Massoumeh Nahid Assemi - The Courtauld Institute of Art

Massoumeh Nahid Assemi

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Massoumeh Nahid Assemi

PhD student

Thesis: The Painted Tiles of Tekkiyeh Mu’aven ul-Mulk in Kermanshah

Supervised by Sussan Babaie

Ta’zieh (Passion play) is a traditional Persian theatre performed annually during the month of Muharram to commemorate the martyrdom of Imam Hussain, the third Shi’ite imam, at the battle of Karbala and was originally performed in open spaces such as streets or cross-roads. With the rise of its popularity in the 19th century, proper theatre buildings, known as tekkiyeh, were specifically erected for its performance.   The earliest of such buildings were simple structures erected by the communities within towns and were a phenomenon of the northern provinces of Iran. The popularity of the performance, however, prompted the court and the elites of 19th century to follow the example of common folks, building tekkiyehs of monumental proportions for the town’s people to attend the performances. The first of these proper structures was erected by Hadj Mirza Agasi, vizier in the reign of Muhammad Shah Qajar (1836-1848), who built the first one in Tehran in 1848 for performances attended by the court and foreign ambassadors.   The largest of these buildings was Tekkiyeh Daulat, built in 1874 by Nasir al-Din Shah Qajar (r. 1848-1896), the grandest theatre ever built in Iran, modelled on the Paris Opera House.   By the end of the 19th century the pride of any Iranian city was its tekkiyeh, be it a simple structure belonging to the community at large, or an elaborate structure built by wealthy private citizens, which also served as a symbol of piety and status. Tekkiyeh Mu’avin ul-Mulk in Kermanshah, is an example of a privately commissioned tekkiyeh in Iran and arguably the greatest example of such buildings. The tekkiyeh is entirely clad in under glazed painted tiles, nearly all figural representations.  Representations of the Imams and of scenes depicting the tragedy of Karbala is unusual decoration for a building specially one dedicated to religious use. Instances of religious painting not in private manuscripts but displayed publicly, before the Qajar era seem to be very rare and what there is constitutes to occasional portraits, usually of Ali and never include depiction of heroic battle of Karbala and the tragedy that ensued. However, since the Tekkiyeh was dedicated to the performance of Ta’zieh, the subject of which was the tragedy of Karbala, the same subject became the main decorative feature of the building. Through figural representation of holy subjects, the tragedy of Karbala, Quranic tales and depiction of the traditional mourning procession ceremonies of Karbala (i.e. sine zani (beating chest), shamshir zani (cutting the forehead with sword) and zanjir zani (self-flagellation), the Tekkiyeh Muavin ul-Mulk is distinct among examples of Iranian Shi’a architecture.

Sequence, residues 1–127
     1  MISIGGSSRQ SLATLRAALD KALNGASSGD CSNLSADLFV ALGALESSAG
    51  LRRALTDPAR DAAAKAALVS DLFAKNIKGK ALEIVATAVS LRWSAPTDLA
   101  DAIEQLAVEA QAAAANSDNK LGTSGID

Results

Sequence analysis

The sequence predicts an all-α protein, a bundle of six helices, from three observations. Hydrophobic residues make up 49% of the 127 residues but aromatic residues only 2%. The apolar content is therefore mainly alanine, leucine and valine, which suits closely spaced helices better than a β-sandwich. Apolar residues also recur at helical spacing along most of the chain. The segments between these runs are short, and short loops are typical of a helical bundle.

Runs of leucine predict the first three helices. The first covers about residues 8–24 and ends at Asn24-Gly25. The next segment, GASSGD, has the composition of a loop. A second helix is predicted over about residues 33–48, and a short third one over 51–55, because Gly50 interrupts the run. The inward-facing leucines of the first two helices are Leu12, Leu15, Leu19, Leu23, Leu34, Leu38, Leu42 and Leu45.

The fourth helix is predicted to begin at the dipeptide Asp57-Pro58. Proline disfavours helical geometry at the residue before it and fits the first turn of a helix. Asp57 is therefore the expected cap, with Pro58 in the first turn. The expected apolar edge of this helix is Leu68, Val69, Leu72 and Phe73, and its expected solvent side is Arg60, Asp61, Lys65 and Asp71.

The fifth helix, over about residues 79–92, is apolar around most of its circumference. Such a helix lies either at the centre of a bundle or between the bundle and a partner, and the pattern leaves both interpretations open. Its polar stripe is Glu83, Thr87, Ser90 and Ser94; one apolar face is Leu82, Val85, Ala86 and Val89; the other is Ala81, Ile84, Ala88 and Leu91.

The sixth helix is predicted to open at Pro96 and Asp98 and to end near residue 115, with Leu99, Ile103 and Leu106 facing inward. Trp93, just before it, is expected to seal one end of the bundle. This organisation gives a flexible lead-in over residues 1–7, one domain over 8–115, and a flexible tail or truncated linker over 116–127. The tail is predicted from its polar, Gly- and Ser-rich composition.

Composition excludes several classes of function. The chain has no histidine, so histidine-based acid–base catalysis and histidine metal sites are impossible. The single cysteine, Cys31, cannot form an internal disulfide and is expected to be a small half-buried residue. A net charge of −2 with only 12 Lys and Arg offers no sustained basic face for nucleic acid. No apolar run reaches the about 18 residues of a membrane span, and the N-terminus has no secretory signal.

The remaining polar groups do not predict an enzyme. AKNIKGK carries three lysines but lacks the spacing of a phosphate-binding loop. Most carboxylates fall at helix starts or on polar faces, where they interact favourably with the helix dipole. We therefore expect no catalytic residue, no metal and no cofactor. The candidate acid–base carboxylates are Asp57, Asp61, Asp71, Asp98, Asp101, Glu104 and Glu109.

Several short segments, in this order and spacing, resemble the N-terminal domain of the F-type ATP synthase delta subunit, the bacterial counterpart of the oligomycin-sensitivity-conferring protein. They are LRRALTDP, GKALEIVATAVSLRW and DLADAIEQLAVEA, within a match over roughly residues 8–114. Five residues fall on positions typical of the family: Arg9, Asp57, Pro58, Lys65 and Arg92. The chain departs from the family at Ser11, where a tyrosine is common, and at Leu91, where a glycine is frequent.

Education

  • MA – Islamic Art & Archaeology – SOAS
  • BA – History of Art – Birkbeck College
  • MA – Fine Art – Beaux Arts – Paris
  • BA – French History & Civilization – Sorbonne
  • BA – English Language & Literature – Tehran University

 

Research interests

  • Art and Archaeology of Iran during the Qajar Period
  • Arts of the Book in Iran
  • Shi’ism art
  • Contemporary Iranian art

Conference papers and lectures

  • Simorgh in Iranian Art – International Society of Iranian Studies – 2014
  • The Kalila wa Dimna manuscript of Gulistan Palace – SOAS – 2012

Other academic activity

  • Organisation of conference on ‘Medicine in Iran’ – June   14, 2015
  • Organisation of conference on ‘The Centenary of the Iranian Constitutional Revolution 1906-1911’ - Oxford – 2006
  • attended workshop on codicology of Islamic manuscripts, 2012, cambridge
  • attended workshop on ‘The Study of Oriental Manuscripts’ Berlin, 2014

 

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